Seventy-five years after Barbarossa

June 22, 2016 marks the seventy-fifth anniversary of the bloodiest conflict in human history.  On June 22, 1941, Adolf Hitler stabbed in the back his closest ally in the Second World War, Joseph Stalin, and launched a continental assault on the Soviet Empire.  Half of Europe was pulled into the conflict, and the entire world watched in stunned horror.

Overnight American communists like Betty Friedan and Dalton Trumbo reversed their demand that America stop helping Britain fight Nazi Germany and, just as suddenly as these flacks pivoted when the Non-Aggression Pact was signed in 1939, pivoted again.  In a flash, the Daily Worker stopped its cartoons of Churchill and Roosevelt as plutocratic warmongers, and overnight the Nazis, not the democracies, became the enemy.

Churchill had no illusions about the evil of the regime the British began immediately helping.  He noted in the House of Commons that if Hitler invaded Hell, he would have a sympathetic word or two for the Devil. 

That was about as apt a comparison as anyone could have made.  Stalin had murdered 20 million of his subjects in the Holodomor and related genocide, created the vastest concentration camp in human history, created that dismal realm which was the inspiration for Orwell's 1984, and slavishly supported the Nazi cause in every way conceivable.  German troops crossed Soviet territory; German warships used Soviet ports; Nazi anti-Semitic propaganda reached America on Soviet freighters. 

There is a myth that the Red Army was invincible and fought ferociously against the Germans.  In fact, 3.6 million Red Army soldiers surrendered in the first few months of the campaign.  The Polish Army and the French Army fought much more capably and much more bravely than the Red Army did in the first year of the war.

Stalin had killed or sent to the Gulag, after OGPU torture chambers, nearly all the officer class of the Red Army.  Stupid hacks like Voroshilov were put in charge of the Red Army, with dreadful results.  On his orders, the Red Air Force was caught completely by surprise and was destroyed on the ground all along the front.  Much of the Red Army went into battle literally unarmed, waiting for a comrade to die and then to take his weapon. 

The sheer size of the Soviet Union and the strategic incompetence of Hitler saved the day for Stalin.  The Germans captured large cities like Minsk and Kiev, and in the Battle of Kiev, depending upon which military historian is right, as many as three quarters of a million Red Army soldiers were captured – the greatest tactical victory in the history of war.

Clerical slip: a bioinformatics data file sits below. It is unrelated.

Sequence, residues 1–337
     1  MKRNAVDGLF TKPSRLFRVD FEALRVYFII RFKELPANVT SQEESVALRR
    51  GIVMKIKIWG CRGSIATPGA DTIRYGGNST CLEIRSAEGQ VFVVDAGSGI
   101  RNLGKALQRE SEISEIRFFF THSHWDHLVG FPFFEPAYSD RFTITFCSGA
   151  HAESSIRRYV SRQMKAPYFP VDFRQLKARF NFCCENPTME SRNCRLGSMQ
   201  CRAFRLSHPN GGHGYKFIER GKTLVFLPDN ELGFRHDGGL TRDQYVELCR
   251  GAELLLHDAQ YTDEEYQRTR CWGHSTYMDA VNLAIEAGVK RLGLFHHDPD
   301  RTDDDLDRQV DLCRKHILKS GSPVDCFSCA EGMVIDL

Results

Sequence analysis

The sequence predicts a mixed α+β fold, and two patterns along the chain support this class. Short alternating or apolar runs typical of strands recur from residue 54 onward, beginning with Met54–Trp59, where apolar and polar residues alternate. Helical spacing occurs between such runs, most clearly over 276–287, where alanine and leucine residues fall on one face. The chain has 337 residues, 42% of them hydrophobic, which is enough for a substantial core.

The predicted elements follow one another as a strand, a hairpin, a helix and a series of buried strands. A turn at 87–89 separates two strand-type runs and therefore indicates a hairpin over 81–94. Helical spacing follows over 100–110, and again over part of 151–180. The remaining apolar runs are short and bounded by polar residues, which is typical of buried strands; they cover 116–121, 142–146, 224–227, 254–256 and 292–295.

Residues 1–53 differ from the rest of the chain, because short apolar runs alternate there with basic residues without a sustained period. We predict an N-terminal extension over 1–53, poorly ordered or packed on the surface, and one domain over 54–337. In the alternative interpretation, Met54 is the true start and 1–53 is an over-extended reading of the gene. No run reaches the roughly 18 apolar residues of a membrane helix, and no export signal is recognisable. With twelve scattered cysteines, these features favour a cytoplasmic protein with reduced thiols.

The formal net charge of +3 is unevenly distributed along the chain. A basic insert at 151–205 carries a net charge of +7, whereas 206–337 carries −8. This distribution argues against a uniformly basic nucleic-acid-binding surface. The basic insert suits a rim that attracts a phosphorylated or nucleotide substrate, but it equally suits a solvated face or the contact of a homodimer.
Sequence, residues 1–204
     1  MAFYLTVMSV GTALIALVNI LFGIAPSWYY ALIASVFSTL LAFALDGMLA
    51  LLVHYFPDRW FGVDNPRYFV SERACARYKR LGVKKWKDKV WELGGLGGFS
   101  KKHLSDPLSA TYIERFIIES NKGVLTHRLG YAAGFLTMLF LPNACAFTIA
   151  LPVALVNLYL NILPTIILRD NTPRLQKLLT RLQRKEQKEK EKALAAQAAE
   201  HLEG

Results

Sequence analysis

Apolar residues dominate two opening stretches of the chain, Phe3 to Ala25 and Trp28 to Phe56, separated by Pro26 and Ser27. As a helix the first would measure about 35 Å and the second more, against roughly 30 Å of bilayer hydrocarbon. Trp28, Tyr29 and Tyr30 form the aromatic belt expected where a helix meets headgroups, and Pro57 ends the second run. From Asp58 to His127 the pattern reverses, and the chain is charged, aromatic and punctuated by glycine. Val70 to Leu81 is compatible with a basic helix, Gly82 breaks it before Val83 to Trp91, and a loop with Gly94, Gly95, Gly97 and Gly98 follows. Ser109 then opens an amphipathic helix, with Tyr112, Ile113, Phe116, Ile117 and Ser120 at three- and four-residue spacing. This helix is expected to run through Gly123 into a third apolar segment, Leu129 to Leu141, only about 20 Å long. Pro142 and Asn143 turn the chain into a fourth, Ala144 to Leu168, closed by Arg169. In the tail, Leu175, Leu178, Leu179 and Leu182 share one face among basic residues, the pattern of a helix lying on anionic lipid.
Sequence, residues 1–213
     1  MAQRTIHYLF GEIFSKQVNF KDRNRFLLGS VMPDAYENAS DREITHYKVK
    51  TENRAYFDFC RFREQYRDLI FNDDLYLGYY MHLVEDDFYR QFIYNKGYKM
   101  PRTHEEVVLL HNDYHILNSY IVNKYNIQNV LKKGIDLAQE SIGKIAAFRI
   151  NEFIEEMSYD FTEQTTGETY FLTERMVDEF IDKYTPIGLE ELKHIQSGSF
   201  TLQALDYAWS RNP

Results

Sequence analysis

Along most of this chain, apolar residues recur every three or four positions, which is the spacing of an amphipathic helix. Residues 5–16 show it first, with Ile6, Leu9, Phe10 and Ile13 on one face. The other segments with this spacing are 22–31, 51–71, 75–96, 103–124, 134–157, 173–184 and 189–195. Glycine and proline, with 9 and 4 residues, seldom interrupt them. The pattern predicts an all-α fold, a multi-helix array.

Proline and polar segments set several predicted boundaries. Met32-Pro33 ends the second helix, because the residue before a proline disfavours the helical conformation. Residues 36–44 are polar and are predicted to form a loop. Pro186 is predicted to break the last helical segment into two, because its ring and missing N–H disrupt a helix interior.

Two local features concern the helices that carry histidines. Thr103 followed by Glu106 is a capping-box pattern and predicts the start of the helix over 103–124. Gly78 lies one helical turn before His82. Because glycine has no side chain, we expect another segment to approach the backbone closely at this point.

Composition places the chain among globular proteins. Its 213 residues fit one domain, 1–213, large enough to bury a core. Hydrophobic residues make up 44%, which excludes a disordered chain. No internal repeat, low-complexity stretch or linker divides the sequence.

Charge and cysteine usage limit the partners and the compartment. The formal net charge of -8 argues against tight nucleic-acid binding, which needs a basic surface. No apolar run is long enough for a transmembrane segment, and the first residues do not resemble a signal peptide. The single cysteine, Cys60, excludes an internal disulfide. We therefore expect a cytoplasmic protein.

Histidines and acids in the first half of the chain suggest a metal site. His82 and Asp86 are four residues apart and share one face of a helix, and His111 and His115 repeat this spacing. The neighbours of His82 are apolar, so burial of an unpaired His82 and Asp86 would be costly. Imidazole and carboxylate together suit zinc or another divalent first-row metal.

The German Army reached the gates of Moscow and the outskirts of Leningrad before the worst Russian winter in a century decimated the Wehrmacht, which had insanely failed to issue winter clothing to its troops or to winterize its weapons and equipment.  The treaty Moscow had signed with Tokyo six months earlier, Stalin learned from agents in Japan, was going to be honored by the Japanese, which allowed him to shift Siberian troops in heavy white coats to strike the Germans just as their offensive was grinding to a halt.

The campaign is a treasure trove of counterfactual problems.  If the Germans had not attacked Yugoslavia and Greece, diverting troops, wearing out equipment, and costing weeks of warm weather, Barbarossa might have succeeded.  If the Germans had focused on a single objective – taking Moscow was the obvious choice – then the Japanese, we know, would have entered the war.  Had the Germans armed the Ukrainians and other oppressed nationalities, many of whom flocked to the Nazi cause, Berlin would have gained millions of ferocious soldiers.

Barbarossa was not only the most deadly conflict in history – Stalin estimated that the Red Army lost 20 million soldiers – but it was the practical beginning of the Holocaust, and the nightmare at Babi Yar is as starkly evil as any event in recorded history.  The Siege of Leningrad created scenes right out of Dante's Inferno as each day hundreds or even thousands of people in Leningrad dropped from starvation during a siege that lasted almost three years. 

Sherman said, "War is Hell."  No war in history shows that more clearly than the four-year war between the two most evil empires in modern history.  Barbarossa was, indeed, pure and absolute Hell.